UNESCO, at its 14th session, in 1966, declared that October 26th is to be celebrated as International Literacy Day.
We talk about literacy but, you know, many of us don’t even know what literacy actually is? Literacy, in essence, simply means ‘the ability to be able to read and write’. 750 million people around the world are unable to read and write. Two-thirds of these people are women, according to the MIT Technology Review.
Now the question is why is this utterly basic inability to read a reality? There is a lack of literacy skills and access to education for the children; 250 million children are not learning basic reading and Math skills. So, there is an urgent need for more investment of resources in these children.
In the past, people wouldn’t care as much about literacy because they didn’t get such an environment to know about it. But as now literacy levels are on peaking in some countries and so is the necessity of having it in others. The importance of literacy for ourselves, communities and society in many countries is a lot.
Is a country’s literacy rate an indicator of its economic and social progress? Having good resources in the country is not enough; the literacy rate crisis needs to be rectified. The global monitoring report on education, of 2006, by UNESCO, says that South Asia has the lowest regional adult literacy rate followed by the sub-Saharan African countries. Various themes based on these are – education for all, literacy and peace, United Nation literacy decade, literacy and health, literacy and epidemics, literacy and empowerment with the sector of health and gender equality seen.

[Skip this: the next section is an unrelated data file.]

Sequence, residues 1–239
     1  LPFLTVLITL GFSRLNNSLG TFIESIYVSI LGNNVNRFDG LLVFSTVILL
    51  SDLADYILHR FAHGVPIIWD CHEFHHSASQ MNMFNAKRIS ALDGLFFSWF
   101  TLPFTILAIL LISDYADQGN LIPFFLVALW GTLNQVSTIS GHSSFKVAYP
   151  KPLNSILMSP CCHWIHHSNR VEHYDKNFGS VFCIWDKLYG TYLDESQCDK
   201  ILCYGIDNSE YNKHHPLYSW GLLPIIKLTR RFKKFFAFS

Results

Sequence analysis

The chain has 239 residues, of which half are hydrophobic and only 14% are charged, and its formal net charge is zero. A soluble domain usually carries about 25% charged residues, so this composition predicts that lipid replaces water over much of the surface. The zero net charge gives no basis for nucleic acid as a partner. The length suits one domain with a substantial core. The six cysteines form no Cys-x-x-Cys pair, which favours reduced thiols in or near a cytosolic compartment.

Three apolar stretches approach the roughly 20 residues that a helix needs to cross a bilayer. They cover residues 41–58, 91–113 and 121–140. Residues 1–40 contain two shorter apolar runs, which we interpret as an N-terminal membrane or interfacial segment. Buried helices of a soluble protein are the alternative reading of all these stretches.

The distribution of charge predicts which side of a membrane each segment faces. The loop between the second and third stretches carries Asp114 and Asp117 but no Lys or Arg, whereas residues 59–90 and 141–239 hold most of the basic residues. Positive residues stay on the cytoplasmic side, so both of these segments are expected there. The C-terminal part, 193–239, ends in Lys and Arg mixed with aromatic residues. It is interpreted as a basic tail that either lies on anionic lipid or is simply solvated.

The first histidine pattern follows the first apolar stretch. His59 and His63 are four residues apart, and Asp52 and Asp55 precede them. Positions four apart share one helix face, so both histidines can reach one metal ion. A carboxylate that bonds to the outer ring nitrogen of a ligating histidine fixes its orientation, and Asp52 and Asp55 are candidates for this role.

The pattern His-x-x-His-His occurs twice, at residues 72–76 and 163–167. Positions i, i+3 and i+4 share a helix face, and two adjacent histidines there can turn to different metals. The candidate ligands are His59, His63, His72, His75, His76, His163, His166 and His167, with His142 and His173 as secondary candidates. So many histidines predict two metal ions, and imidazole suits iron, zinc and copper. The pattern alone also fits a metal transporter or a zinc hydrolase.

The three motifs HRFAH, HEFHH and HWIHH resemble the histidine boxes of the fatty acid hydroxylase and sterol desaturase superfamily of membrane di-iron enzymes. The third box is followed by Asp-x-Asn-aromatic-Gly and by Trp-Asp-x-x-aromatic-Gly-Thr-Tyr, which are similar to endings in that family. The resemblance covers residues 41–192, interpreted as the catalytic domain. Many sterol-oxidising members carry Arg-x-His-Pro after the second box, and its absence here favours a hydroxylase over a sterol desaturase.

Many writer’s endeavours and their contributions to understanding and working on illiteracy is widely talked about on Literacy Day, like Margaret Atwood, Paul Auster, Philip Claudel, etc.
The global literacy rate for all people aged 15 and above is 86.3%. The global literacy rate for all males is 90.0% and the rate for all females is 82.7%. The rate varies throughout the world with developed nations having a rate of 99.2% (2013); Oceania having 71.3%; South and West Asia having 70.2% (2015) and sub-Saharan Africa at 64.0% (2015). Over 75% of the world’s 781 million illiterate adults are found in South Asia, West Asia and sub-Saharan Africa and women represent almost two-thirds of all illiterate adults globally.
Developing nations face the illiteracy crisis the most, either due to a thorough lack of resources or lack of manpower and skill to make use of those resources. We need solutions in the form of policies and action.
I hope we all contribute in any and every way we can by sponsoring someone’s education or just pushing the government for reform and better potential policies. Happy International Literacy Day!